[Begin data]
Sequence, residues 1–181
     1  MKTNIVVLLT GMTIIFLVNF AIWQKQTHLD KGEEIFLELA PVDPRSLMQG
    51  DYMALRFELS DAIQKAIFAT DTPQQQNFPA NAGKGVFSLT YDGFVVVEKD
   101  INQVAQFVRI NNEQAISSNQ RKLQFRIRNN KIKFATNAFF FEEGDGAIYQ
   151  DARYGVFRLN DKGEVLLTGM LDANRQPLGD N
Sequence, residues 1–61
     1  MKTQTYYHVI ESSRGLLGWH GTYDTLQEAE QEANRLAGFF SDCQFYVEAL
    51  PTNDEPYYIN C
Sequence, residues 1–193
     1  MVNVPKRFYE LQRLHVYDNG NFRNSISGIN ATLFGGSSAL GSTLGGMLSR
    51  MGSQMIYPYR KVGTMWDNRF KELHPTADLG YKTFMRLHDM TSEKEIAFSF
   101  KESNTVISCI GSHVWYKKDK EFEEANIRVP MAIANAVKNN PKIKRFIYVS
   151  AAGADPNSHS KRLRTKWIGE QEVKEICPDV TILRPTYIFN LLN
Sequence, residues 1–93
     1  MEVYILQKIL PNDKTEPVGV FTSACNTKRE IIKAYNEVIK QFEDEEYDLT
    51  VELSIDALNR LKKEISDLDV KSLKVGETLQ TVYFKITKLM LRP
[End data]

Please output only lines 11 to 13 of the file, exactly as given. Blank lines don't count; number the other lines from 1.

    51  MGSQMIYPYR KVGTMWDNRF KELHPTADLG YKTFMRLHDM TSEKEIAFSF
   101  KESNTVISCI GSHVWYKKDK EFEEANIRVP MAIANAVKNN PKIKRFIYVS
   151  AAGADPNSHS KRLRTKWIGE QEVKEICPDV TILRPTYIFN LLN